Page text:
As they are preparing for the experiment, Willy McGilly reveals that, when he was a boy, he went back in time and, with a dart made of slippery elm wood, killed: ‘King Wu of the Manchu, Pope Adrian VII, President Hardy of our own country, King Marcel of Auvergne, the philosopher Gabriel Toeplitz. It’s a good thing we got them. They were a bad lot’ (174). When the others protest that they have never heard of any of these people, Epiktistes backs him up: ‘Where do you think I got the idea?’ (174). In this exchange, it seems that we have the whole plot of this story laid out in advance. Someone changes history, and no-one can remember how things were before the change. Except that it isn’t quite like that: because obviously Willy McGilly remembers both histories or he wouldn’t have been able to recall his exploits; and Epiktistes, who played no part in the events, remembers it also.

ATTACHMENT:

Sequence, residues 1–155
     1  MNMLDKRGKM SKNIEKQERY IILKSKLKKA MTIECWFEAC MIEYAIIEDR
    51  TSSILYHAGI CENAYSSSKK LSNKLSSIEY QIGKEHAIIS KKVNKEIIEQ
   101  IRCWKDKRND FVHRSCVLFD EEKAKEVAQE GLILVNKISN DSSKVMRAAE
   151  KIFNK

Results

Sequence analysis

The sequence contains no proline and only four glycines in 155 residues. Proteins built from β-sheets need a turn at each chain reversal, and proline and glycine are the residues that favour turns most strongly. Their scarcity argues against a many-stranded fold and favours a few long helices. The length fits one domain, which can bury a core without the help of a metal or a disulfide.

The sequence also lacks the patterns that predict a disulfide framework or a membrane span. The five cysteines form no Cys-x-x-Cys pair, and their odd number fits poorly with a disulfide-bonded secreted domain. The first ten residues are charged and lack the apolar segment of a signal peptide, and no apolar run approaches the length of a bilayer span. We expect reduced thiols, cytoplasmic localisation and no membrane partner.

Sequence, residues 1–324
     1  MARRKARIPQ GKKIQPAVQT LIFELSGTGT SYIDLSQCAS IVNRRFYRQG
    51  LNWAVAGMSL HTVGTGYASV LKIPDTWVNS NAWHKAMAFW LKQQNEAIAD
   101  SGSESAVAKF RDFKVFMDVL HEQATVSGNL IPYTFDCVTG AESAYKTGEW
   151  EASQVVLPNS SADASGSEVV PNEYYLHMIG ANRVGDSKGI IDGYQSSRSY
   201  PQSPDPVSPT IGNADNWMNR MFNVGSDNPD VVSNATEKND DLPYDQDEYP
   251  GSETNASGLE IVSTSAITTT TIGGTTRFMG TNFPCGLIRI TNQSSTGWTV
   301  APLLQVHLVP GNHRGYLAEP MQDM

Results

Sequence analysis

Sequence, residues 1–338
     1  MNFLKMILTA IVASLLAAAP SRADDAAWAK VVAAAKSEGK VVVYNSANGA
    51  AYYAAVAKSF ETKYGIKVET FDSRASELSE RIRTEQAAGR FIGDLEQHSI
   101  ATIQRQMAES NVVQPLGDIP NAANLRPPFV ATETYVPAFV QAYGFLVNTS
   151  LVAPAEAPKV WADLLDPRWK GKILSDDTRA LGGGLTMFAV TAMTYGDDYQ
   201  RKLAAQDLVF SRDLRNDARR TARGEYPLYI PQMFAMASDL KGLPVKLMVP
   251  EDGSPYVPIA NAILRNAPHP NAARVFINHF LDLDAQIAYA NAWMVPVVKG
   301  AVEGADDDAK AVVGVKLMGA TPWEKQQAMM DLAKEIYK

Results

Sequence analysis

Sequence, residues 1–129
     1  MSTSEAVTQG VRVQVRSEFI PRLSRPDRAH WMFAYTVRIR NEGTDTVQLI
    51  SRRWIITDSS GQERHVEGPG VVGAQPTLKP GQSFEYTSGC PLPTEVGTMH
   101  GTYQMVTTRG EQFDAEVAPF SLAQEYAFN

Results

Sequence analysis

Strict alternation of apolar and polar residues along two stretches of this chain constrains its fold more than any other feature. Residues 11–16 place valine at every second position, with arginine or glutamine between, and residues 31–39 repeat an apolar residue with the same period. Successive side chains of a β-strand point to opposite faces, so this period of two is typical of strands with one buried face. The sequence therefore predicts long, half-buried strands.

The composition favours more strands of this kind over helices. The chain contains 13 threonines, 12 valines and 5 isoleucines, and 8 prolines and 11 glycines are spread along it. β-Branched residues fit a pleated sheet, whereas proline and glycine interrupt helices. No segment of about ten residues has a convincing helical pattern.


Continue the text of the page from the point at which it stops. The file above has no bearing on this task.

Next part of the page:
There follows a quick survey of the state of things before the change. There are eight humans plus Epiktistes; they are in a ‘middle-sized town with half a dozen towers of pastel-colored brick’ (174-5); there are two shows in town that Valery hasn’t seen; and the arts have never been in meaner shape. This means that, as soon as the change has happened, we can see the difference. There are, immediately, ten humans and three machines; they are in ‘a fine large town with two dozen imposing towers of varicolored limestone and midland marble’ (176); there are now two dozen shows that Valery hasn’t seen; and the arts have never been in finer shape. In other words, as we can see from outside the time of the story, the world has apparently been changed for the better. But our slightly revised cast of central characters are not aware of any change, even Epiktistes ‘can’t see any change in anything either’ (175). As Willy McGilly, so often Lafferty’s mouthpiece, sums it up: ‘The very bulk of achievement is stupefying … The experiment, of course, was a failure, and I’m glad. I like a full world’ (178, my ellipsis).